Wausau Daily Herald
June 25, 2021
MADISON – She was studying athletic training at the University of Wisconsin-Madison when she met the athlete who would change the trajectory of her career.
Now a 34-year-old assistant professor at UW-Madison’s Department of Kinesiology, Mosinee native Julie Stamm was an undergraduate then, in the midst of the clinical portion of her studies — working with a high school football team, getting hands-on training in treating athletic injuries.
“We had a lot of concussions that fall, probably seven or eight just in preseason camp,” Stamm said.
One teen’s injury was unusual. His concussion “didn’t seem that bad to start with, but he just didn’t get better in the time I was in the rotation, and I was there through December, maybe three months,” Stamm said. “Here was this kid who just wanted to play sports with his friends. He wasn’t an all-star. And this disrupted his schooling, his friendships, his ability to play sports. It had such a big impact on his life.”
The case would inspire Stamm. She continued her education, moved to study concussions in sports with some of the leading experts in the world at Boston University, earning a doctorate in anatomy and neurobiology from BU’s School of Medicine in 2015. And now she’s written a book that delves into the impact repetitive brain trauma has on young athletes, aiming to provide accessible, science-based information that parents can use to help determine the safety of youth sports.
Her book, “The Brain on Youth Sports: The Science, The Myths and The Future,” published by Rowman & Littlefield, will be released on July 6. In it, Stamm delves into myths, bad arguments and the propaganda revolving around concussions and brain trauma, and offers up suggestions for people who want to make sports as safe as possible.
“I love sports and think all kids should have the opportunity to play, but I do not believe it is in the best interest of children’s long-term health to experience unnecessary brain trauma in the pursuit of those sports,” she writes early on in “The Brain on Youth Sports.”
Stamm cares so much about limiting the adverse effects of brain injuries in youth sports because sports made her who she is today.
She played volleyball, basketball and softball in high school, and she spent hours watching the Green Bay Packers play on Sundays with her family. (She will admit she’s a Dolphins fan, though). “Sports were life, really. You know, small town,” Stamm said. “Every weekend was full. Summer days were camps and leagues. There were few days that went by without sports being involved.”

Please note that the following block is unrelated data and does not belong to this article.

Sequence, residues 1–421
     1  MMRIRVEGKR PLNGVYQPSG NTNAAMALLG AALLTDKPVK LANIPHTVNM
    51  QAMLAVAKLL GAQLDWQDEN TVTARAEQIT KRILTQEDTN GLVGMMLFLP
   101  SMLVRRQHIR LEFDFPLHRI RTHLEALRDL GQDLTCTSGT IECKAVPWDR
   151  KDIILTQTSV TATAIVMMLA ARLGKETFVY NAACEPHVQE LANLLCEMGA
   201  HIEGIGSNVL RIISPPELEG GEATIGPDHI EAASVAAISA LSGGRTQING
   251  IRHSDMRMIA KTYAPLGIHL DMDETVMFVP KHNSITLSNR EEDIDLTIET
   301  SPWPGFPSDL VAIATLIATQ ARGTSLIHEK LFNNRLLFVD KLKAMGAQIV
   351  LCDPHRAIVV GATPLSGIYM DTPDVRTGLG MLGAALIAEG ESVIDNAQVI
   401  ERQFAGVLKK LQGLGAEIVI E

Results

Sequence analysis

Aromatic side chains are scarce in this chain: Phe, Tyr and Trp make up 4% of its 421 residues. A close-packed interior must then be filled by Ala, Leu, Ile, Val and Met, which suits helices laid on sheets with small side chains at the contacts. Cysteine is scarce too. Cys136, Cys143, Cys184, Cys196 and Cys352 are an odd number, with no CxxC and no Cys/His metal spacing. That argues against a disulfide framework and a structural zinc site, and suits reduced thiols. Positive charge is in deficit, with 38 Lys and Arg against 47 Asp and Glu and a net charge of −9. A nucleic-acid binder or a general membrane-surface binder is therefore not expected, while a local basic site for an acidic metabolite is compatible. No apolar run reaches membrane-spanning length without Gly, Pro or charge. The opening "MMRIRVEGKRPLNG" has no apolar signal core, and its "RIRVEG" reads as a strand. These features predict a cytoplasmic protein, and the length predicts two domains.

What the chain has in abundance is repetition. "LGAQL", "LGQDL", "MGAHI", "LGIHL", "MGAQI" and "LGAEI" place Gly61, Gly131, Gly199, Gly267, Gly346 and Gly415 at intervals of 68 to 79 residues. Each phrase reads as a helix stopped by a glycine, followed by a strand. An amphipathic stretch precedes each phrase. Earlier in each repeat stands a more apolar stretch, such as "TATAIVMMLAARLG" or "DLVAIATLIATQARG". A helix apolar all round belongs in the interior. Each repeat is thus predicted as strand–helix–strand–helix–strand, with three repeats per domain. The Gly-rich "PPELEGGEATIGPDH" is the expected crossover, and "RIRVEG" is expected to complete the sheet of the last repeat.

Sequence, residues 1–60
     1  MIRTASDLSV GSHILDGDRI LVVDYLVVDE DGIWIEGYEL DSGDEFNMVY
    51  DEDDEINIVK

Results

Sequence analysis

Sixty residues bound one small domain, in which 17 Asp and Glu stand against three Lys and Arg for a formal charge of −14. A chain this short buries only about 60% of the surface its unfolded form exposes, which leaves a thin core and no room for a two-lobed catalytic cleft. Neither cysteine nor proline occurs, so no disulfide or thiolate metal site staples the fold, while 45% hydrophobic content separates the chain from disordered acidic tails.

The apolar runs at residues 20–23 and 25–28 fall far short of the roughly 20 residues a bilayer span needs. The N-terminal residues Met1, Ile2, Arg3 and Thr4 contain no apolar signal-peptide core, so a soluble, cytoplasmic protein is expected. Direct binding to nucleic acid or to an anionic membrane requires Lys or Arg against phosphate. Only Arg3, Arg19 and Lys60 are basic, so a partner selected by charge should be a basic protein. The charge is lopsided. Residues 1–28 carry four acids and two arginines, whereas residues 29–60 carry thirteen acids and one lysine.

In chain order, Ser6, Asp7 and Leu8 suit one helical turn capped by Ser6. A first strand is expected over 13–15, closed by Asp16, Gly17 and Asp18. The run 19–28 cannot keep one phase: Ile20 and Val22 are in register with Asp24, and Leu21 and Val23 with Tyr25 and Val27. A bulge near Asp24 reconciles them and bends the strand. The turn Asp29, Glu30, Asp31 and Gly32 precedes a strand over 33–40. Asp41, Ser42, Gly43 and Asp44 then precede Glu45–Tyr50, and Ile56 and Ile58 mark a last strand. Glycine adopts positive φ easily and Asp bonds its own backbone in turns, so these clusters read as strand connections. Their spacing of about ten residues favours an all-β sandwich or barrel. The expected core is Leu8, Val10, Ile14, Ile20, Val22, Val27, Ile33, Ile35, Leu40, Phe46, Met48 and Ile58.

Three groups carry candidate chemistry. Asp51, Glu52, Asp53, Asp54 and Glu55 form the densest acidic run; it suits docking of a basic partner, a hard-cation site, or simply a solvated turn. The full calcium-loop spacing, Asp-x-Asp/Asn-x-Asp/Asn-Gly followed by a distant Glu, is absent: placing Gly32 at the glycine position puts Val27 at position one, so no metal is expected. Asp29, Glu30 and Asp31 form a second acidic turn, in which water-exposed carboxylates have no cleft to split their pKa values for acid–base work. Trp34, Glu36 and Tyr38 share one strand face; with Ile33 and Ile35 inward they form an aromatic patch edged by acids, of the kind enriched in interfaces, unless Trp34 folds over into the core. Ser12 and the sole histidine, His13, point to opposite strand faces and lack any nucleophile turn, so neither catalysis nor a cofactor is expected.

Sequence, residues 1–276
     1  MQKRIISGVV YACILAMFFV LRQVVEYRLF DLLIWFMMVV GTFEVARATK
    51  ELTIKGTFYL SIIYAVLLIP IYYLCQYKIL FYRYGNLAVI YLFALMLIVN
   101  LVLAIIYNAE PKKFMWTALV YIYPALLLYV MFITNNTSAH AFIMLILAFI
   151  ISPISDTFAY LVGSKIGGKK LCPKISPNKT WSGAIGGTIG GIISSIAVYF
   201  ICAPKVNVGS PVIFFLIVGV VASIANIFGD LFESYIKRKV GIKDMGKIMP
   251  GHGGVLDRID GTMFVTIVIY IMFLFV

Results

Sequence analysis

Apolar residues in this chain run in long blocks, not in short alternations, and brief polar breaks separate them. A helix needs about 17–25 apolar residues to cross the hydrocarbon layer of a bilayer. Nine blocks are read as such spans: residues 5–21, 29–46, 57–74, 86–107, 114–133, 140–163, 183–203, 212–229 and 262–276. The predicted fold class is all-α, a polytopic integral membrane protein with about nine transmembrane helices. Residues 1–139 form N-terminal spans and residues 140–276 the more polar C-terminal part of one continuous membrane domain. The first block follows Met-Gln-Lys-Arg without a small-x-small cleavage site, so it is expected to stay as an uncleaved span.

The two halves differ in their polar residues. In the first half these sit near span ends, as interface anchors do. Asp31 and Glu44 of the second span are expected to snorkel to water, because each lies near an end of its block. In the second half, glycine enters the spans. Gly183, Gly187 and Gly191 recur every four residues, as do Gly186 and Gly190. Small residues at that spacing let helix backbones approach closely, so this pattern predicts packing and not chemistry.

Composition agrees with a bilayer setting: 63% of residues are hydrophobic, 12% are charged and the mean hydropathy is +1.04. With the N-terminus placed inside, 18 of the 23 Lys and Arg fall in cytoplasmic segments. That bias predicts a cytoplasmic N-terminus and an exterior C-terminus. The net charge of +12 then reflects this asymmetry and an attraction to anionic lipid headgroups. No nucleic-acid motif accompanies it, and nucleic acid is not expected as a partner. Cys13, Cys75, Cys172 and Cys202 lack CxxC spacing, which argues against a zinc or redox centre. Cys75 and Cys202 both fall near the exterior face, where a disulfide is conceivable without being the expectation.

Stamm — she was Julie Sasse back then — was also a smart, curious learner. She was interested in health care, learning more about how the human body worked and sports. Athletic training covered all those interests.
But a drive to find out more, dig deeper into the science of sports-related brain trauma, drove her to climb up the academic ladder and go deep into the research. She studied at Boston University and its Chronic Traumatic Encephalopathy Center, the world leader in CTE studies. Her mentor there was Robert Stern, the director of clinical research for the CTE Center.
The brain goes through various stages of development as a person matures, and a key one happens between the ages of 8 and 12. Stamm advocates eliminating hits and tackles during that time period, and limiting hits after athletes grow into their teens.
It’s not all about concussions. Repeated jarring from impacts that don’t cause concussions can cause smaller, less noticeable injuries to the brain which can adversely affect a child’s brain development and lead to more problems as an athlete grows older.
A brain subjected to that jarring as a child “can still function well for many years, but (that) brain is at a disadvantage with degenerative changes from either normal aging or disease,” Stamm wrote in “The Brain on Youth Sports.”
Stamm uses the book to go into detail about making changes in various sports — including hockey, lacrosse, soccer, rugby and football — addressing tackling techniques and limiting contact times.
“It’s possible to protect the brain and become a great athlete,” she wrote.
Stamm concludes the book by offering parents information to consider as they make decisions regarding children and sports. It starts with knowledge.
“I’ve seen what CTE can do to a person. I’ve seen the fear in the eyes of former athletes of all ages who are concerned their symptoms are from repetitive impacts in sports and are fearful of what their future holds,” she concludes. “I don’t want that to happen to any child who just wants to play a sport they love with their friends.”